Fighting Poverty with Passion
For this post I decided to take a different perspective. For those of you who are passionate about poetry you may enjoy this…
Over the past few months I have been doing quite a bit of soul searching through my experience as a VISTA. Not necessarily as to where I fit into the organization but how I can truly use this experience in my future. What I have found thus far is that it is not the work I do that matters, but the sheer passion and dedication that I put into it. My VISTA term began as a Dream Deferred and seemed as though I was trucking down the muddy creek of uncertainty. However, throughout certain obstacles I have constantly reminded myself “Don’t Quit.” Though I am not at the place I imagined I would be at 24, my spirit has remained invictus. As I continue on this VISTA path, I must remember that I have been placed in this position to not dwell on my deepest fears as it relates to poverty but to in turn be phenomenal VISTA.
As a gift to you I would like to share the poems that I have used to guide me along the path. Enjoy!
A Dream Deferred
By Langston Hughes
What happens to a dream deferred?
Does it dry up
like a raisin in the sun?
Or fester like a sore–
And then run?
Does it stink like rotten meat?
Or crust and sugar over–
like a syrupy sweet?
Maybe it just sags
like a heavy load.
Or does it explode?
Our Deepest Fear
Our deepest fear, is not that we are inadequate.
Our Deepest fear, is that we are powerful beyond measure.
It is our light, not our darkness that most frightens us.
Your playing small, does not serve the world.
There is nothing enlightened about shrinking,
So that other people won’t feel secure around you.
We were all meant to shine, as children do.
It’s not just in us, it’s in everyone,
We unconsciously give other people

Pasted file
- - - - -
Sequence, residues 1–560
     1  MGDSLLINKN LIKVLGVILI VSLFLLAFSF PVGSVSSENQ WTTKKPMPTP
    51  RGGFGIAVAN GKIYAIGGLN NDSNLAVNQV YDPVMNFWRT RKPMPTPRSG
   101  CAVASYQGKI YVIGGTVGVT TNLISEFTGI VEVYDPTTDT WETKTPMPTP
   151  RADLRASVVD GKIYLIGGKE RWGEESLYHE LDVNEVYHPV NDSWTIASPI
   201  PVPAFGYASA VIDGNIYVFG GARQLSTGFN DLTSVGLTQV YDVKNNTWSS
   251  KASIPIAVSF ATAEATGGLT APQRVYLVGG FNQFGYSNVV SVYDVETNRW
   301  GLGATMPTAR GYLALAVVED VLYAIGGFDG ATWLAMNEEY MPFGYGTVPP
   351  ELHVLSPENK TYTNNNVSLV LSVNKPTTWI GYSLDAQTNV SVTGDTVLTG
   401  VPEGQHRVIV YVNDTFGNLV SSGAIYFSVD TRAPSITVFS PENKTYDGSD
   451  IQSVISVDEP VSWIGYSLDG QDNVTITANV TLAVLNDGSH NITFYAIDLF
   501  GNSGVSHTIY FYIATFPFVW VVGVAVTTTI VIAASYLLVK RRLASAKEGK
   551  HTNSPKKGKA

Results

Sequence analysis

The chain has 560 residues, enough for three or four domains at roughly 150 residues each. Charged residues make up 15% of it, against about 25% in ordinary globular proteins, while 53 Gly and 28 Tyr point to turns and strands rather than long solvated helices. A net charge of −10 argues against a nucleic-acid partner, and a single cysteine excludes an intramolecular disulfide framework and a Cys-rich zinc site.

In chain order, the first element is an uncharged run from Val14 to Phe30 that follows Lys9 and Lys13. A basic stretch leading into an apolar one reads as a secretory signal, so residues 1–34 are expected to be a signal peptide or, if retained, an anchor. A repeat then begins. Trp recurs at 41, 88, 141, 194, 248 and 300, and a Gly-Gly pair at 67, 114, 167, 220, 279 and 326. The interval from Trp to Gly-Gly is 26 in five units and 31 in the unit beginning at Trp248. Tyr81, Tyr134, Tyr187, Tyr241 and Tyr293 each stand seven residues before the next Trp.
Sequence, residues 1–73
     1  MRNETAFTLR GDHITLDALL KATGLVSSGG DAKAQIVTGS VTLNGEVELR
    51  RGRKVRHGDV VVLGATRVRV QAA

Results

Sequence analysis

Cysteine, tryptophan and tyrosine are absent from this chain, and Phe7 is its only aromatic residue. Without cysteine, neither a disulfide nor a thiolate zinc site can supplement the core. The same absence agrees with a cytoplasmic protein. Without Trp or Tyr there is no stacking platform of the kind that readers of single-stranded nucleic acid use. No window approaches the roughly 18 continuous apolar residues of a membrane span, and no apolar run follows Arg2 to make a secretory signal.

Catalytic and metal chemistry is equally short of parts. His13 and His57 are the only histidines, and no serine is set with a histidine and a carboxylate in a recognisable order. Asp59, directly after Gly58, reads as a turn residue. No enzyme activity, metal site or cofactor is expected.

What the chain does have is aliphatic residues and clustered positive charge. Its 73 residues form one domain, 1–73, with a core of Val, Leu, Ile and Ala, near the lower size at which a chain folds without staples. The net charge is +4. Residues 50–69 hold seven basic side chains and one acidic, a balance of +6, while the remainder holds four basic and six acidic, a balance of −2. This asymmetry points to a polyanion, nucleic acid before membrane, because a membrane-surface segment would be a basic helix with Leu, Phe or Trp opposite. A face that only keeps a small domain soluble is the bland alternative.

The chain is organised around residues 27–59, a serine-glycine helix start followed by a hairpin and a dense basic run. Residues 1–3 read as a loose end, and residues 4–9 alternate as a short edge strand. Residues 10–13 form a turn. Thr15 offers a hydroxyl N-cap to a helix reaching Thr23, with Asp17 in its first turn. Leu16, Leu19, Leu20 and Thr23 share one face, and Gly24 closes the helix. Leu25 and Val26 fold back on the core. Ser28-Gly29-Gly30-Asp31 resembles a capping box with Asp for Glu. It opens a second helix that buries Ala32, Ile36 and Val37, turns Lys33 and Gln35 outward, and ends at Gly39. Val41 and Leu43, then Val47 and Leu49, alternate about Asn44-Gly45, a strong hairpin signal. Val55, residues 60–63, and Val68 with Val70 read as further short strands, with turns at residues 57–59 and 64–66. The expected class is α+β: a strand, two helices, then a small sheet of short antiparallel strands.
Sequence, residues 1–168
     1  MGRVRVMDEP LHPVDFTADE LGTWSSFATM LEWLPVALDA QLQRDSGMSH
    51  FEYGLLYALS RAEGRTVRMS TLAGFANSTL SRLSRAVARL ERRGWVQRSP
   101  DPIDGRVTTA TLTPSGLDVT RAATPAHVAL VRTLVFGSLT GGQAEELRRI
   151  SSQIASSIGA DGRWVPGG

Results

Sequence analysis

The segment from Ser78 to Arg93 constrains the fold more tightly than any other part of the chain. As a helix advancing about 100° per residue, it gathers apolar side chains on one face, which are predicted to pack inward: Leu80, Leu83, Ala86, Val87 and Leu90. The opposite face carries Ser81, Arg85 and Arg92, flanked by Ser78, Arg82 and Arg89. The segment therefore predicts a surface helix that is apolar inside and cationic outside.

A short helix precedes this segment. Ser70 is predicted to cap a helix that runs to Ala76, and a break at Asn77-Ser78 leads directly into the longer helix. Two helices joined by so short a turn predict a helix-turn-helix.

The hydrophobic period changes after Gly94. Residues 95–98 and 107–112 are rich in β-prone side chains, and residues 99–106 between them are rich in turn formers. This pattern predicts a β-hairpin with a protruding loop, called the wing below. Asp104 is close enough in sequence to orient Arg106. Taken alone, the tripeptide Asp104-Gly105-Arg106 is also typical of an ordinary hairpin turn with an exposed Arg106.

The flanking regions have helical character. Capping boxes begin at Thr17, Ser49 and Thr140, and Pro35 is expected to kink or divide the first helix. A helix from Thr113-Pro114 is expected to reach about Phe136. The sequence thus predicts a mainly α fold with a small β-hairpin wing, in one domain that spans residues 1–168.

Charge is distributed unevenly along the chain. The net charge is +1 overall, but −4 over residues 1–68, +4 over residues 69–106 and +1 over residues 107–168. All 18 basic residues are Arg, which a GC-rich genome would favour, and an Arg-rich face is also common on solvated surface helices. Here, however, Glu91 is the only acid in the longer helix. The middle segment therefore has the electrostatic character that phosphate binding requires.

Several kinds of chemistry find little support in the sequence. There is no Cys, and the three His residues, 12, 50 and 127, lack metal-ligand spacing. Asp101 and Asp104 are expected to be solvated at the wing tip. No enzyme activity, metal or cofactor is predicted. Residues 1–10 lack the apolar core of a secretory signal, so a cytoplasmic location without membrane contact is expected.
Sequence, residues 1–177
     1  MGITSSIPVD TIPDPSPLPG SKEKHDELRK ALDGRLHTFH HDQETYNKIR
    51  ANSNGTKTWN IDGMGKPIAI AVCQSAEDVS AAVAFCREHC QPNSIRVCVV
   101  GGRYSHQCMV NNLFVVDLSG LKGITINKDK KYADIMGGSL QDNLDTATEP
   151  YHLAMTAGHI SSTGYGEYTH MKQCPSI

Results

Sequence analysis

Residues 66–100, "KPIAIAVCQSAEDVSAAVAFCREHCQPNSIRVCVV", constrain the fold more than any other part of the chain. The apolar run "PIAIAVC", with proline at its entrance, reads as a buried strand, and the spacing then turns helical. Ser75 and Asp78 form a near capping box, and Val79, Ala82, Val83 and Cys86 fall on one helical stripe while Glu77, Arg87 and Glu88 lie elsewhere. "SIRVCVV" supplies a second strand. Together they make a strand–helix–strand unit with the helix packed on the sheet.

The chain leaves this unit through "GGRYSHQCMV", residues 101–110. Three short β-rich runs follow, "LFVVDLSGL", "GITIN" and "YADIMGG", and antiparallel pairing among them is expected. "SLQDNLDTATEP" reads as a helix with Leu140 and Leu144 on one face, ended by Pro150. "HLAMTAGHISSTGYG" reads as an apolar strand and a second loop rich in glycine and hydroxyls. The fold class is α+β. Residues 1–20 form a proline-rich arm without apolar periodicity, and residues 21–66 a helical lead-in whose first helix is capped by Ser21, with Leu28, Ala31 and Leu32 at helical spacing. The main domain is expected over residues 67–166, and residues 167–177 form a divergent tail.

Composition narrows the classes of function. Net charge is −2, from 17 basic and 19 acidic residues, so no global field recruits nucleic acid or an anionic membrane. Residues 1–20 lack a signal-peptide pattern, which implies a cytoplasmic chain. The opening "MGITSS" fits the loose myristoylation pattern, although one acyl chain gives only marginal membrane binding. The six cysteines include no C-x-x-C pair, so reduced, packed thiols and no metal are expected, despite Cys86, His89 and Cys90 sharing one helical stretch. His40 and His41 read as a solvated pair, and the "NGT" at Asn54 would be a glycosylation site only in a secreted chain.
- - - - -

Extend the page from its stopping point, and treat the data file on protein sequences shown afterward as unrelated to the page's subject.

Permission to do the same. As we are liberated from our fears;
Our presence automatically liberates others.
By William Ernest Henley
Out of the night that covers me,
Black as the Pit from pole to pole,
I thank whatever gods may be
For my unconquerable soul.
In the fell clutch of circumstance
I have not winced nor cried aloud.
Under the bludgeonings of chance
My head is bloody, but unbowed.
Beyond this place of wrath and tears
Looms but the Horror of the shade,
And yet the menace of the years
Finds, and shall find, me unafraid.
It matters not how strait the gate,
How charged with punishments the scroll.
I am the master of my fate:
I am the captain of my soul
When things go wrong, as they sometimes will,
When the road you’re trudging seems all uphill,
When the funds are low and the debts are high,
And you want to smile, but you have to sigh,
When care is pressing you down a bit,
Rest, if you must, but don’t you quit.
Life is queer with its twists and turns,
As every one of us sometimes learns,
And many a failure turns about,
When he might have won had he stuck it out;
Don’t give up though the pace seems slow–
You may succeed with another blow.
Often the goal is nearer than,
It seems to a faint and faltering man,
Often the struggler has given up,
When he might have captured the victor’s cup,
And he learned too late when the night slipped down,
How close he was to the golden crown.
Success is failure turned inside out–
The silver tint of the clouds of doubt,
And you never can tell how close you are,
It may be near when it seems so far,
So stick to the fight when you’re hardest hit–
It’s when things seem worst that you must not quit.
– Author unknown
By Maya Angelou
Pretty women wonder where my secret lies.
I’m not cute or built to suit a fashion model’s size
But when I start to tell them,
They think I’m telling lies.
It’s in the reach of my arms
The span of my hips,
The stride of my step,
The curl of my lips.
I’m a woman
I walk into a room
Just as cool as you please,
And to a man,
The fellows stand or
Fall down on their knees.
Then they swarm around me,
A hive of honey bees.
It’s the fire in my eyes,
And the flash of my teeth,
The swing in my waist,
And the joy in my feet.
I’m a woman
Men themselves have wondered
What they see in me.
They try so much
But they can’t touch
My inner mystery.
When I try to show them
They say they still can’t see.
It’s in the arch of my back,
The sun of my smile,
The ride of my breasts,
The grace of my style.
I’m a woman
Now you understand
Just why my head’s not bowed.
I don’t shout or jump about
Or have to talk real loud.
When you see me passing
It ought to make you proud.
It’s in the click of my heels,
The bend of my hair,
the palm of my hand,
The need of my care,
‘Cause I’m a woman